All posts by John L. Ward, Ph.D.

John Ward is a co-founder of The Family Business Consulting Group, Inc., and is co-director of The Center for Family Enterprises at Northwestern University’s Kellogg School of Management (Chicago, USA) where he is Clinical Professor of Family Enterprises. Ward teaches and studies family enterprise continuity, ownership, governance and philanthropy.

The Paradox WikiLeaks Exposes

John Ward
John Ward

WikiLeaks and its founder froth strong emotions, for sure. At the roots, it seems, is a classical paradox for business owning families.

WikiLeaks supporters argue that exposure trumps secrecy. Seen more as a paradox the roots of the polarity are transparency and privacy.  Both, of course, have their value – and their downsides.

The transparency-privacy paradox is one of great relevance to business families:

–        Building community goodwill and market brand through active PR risks a long tradition of family modesty;

–        Financial transparency with employees and other stakeholders challenges the competitive benefits of being a private company;

–        Proactively shaping public opinion can increase security risks for wealthy families.

We often frame this paradox as Public Faces and Private Lives. Can you get the best of both? What’s your experience?



John Ward
John Ward

Did you know that about 30% of all family businesses say they are considering co-CEOs in the future?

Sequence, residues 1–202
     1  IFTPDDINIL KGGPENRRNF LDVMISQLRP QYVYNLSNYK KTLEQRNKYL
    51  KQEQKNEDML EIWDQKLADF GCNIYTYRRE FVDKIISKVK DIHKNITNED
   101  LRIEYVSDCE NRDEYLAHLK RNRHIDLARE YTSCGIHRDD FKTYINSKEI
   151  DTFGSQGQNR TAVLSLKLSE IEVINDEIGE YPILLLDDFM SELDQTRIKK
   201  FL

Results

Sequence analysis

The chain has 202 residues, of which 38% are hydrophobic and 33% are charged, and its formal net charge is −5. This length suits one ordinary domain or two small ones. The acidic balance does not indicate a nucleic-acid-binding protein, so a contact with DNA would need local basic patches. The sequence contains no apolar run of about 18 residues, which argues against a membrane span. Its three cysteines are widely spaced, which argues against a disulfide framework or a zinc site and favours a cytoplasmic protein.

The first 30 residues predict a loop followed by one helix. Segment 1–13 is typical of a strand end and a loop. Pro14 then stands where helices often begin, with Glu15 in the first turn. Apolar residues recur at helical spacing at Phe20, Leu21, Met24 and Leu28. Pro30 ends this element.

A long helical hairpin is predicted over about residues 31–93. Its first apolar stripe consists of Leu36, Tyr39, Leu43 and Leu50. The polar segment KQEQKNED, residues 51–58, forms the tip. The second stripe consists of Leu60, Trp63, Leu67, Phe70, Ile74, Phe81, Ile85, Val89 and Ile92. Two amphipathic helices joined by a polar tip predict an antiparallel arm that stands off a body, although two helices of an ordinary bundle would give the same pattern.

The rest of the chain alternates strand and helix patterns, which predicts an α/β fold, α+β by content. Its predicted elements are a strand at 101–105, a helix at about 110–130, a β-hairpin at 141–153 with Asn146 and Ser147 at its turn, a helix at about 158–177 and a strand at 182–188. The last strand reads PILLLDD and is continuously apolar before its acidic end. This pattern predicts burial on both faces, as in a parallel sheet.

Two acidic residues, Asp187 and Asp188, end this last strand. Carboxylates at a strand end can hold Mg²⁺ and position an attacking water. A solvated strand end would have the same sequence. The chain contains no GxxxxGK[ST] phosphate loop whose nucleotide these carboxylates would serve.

While not recommended by management textbooks, the idea has worked well sometimes. For example, the German Miele white goods producer has had co-CEOs for generations!

The split up of Motorola this week into two companies ends a co-CEO situation that has existed over the past several years. In separation they were asked how the co-CEO model had worked. They said several things:

  • It was tough for both of them.
  • They knew being sole CEO will be much more focused and fast.
  • It can work well for a limited, purposeful period of time.
  • To work requires lots of communication, communication, communication.

Food for thought.


Top UK CEO Pleads for All Companies to Act Like Family Businesses

John Ward
John Ward

Tony Leahy, the retiring CEO of the UK’s largest retailer, Tesco, offered great insights to what’s different about family firms. Though Tesco is no longer a family business, he explained, “Tesco began life as a family business and one of our strengths is that we’ve not forgotten the values and approach we inherited from our founder.” 

He goes on [the underlining is mine]: “We have a stable management.”  In fact, he and many of his top management colleagues spent their entire careers at Tesco. “Our employees are encouraged to own a stake in the company; and there’s a willingness to take risks and to plan for long-term value creation… they enjoy the benefit of loyalty, long-term thinking and the courage to make bold decisions. Add to that a slim line, tight management and the stability families can bring and you have laid strong foundations for a powerful company.”

He closes with a profound observation about the distinction of family company ownership when he asks fund managers who invest in listed companies to consider, “Next time you’re in a meeting with management from a company…try referring to them as ‘we’ rather than ‘you’.”

SOURCE: The Times, 9/27/10, pp 44-45